Luigi’s Mansion 2 HD review – the scariest surprise is the price

My favourite thing about Luigi’s Mansion is the detail. The way Mario’s cowardly brother nervously hums along to the music as he bumbles through spooky stately homes. The slapstick animations when he falls through a fireplace or gets catapulted into a secret room by a fold-down bed. The cackles and goofy expressions of the ghosts as they get up to their hijinks. As you use Luigi’s trusty ghost-capturing vacuum cleaner to pull back rugs and expose secret trapdoors (or secret spiders), and suck up the banknotes and golden coins that are hidden everywhere, you can’t help but notice how each little sound, scene and secret has been carefully arranged to give you a small dose of delight.

This ghost-busting puzzle game was such a delightful surprise sequel in 2013 when it was released for the Nintendo 3DS. Its diorama-like mini-mansions and peepholes gave Nintendo’s artists ample opportunity to show off that console’s stereoscopic 3D effects, activated with a little slider at the side of the screen. But now it’s out on the Switch, 11 years later, and two things have changed. Firstly, the 3D effect that it was designed around is no longer a thing. And secondly, Luigi’s Mansion 3 now exists, and it’s significantly better.

Luigi’s Mansion 2 HD. Photograph: Nintendo

Given that Luigi currently produces less than one creepy caper a decade, we can’t begrudge him a graphically improved remake. But Nintendo has priced Luigi’s Mansion 2 HD at almost a full £50, which seems especially galling as it didn’t even cost that much the first time round. It looks better: the interiors of the five mansions have been refreshed, and the detail on everything from couches and cobwebs to suits of armour is up to scratch. But it plays exactly the same, which means it’s chopped up into mini-missions that interrupt the flow of the game, sucking Luigi out of whichever creepy abode he’s exploring and back to paranormal investigator E Gadd’s lab at 10-minute intervals.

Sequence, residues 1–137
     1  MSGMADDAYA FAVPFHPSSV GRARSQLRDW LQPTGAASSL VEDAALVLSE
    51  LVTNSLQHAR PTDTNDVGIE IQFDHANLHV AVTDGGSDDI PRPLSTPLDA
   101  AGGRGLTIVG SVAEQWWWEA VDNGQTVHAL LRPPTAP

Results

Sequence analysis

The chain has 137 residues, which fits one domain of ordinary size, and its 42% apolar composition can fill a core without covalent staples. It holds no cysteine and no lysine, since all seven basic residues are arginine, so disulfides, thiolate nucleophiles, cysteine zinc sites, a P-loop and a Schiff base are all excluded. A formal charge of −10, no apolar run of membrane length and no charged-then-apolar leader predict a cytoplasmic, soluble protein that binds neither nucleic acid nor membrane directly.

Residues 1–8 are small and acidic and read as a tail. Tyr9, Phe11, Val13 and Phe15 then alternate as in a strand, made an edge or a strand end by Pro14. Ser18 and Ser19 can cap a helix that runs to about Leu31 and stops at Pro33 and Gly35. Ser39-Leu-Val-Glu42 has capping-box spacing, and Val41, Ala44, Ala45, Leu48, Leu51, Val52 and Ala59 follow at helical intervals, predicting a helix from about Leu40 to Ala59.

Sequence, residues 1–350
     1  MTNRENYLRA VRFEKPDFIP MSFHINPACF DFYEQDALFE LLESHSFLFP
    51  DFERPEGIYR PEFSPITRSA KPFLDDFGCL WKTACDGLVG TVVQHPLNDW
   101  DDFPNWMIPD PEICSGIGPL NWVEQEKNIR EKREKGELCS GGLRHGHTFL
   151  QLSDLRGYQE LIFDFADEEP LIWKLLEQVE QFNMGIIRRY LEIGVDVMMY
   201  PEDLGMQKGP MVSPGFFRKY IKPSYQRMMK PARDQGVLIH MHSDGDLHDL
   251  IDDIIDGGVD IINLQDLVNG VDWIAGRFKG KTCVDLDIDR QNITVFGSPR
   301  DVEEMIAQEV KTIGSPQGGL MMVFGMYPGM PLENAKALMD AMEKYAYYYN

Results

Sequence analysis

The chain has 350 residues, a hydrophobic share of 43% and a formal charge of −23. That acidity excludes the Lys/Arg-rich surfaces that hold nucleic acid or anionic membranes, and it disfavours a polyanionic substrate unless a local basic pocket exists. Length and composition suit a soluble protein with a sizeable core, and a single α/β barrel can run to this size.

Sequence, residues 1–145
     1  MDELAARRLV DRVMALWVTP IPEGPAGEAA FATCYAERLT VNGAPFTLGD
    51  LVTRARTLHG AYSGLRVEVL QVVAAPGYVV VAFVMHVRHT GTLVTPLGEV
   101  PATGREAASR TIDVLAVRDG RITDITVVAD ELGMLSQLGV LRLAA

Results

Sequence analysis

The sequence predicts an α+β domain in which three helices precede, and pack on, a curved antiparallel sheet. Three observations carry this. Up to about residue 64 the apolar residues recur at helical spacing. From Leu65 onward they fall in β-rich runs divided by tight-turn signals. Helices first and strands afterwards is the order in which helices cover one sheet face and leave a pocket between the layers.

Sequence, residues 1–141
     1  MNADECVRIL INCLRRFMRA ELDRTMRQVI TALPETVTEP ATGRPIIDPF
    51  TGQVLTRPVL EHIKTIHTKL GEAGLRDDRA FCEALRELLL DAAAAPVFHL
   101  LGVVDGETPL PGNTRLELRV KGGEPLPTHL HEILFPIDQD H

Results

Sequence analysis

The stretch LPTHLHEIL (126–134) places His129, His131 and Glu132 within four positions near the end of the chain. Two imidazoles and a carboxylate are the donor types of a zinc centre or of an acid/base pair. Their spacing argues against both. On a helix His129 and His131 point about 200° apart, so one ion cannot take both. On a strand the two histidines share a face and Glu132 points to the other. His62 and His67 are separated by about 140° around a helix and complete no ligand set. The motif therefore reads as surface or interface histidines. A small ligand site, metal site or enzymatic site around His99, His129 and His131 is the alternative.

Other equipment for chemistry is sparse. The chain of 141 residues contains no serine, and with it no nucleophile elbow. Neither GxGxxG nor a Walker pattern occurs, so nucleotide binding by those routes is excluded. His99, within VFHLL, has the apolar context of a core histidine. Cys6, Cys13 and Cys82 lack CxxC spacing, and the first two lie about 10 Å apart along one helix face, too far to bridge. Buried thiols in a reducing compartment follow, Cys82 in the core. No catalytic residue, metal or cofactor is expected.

Gadd is also constantly calling Luigi on a little DS-shaped flipphone, which is very cute, but further interrupts play. Many Nintendo games fall foul of over-tutorialising in the opening hour or two, but here these interjections continue throughout, and you never feel at leisure to explore. This isn’t a scary game, but it would nonetheless be more atmospheric without the incessant chatter. Perhaps it was necessary to chop up the levels like this to fit the game on to a tiny 3DS cartridge, but it feels outdated now – and another irritation is the multiplayer, which doesn’t let two people play together on the same console. Unlike Luigi’s Mansion 3, you can’t play it with a child or a partner.

Structural annoyances aside, you can’t argue that Luigi’s Mansion 2’s design remains sound: the puzzles are great, the ghost battles are funny and clever, and again that attention to detail leads to a wealth of lovable moments. But Luigi’s Mansion 3 does all of that and more, for the same price – and you can explore its haunted hotel without interruptions from anything other than the poltergeists.


Leave a Reply

This website uses cookies. By continuing to use this site, you accept our use of cookies.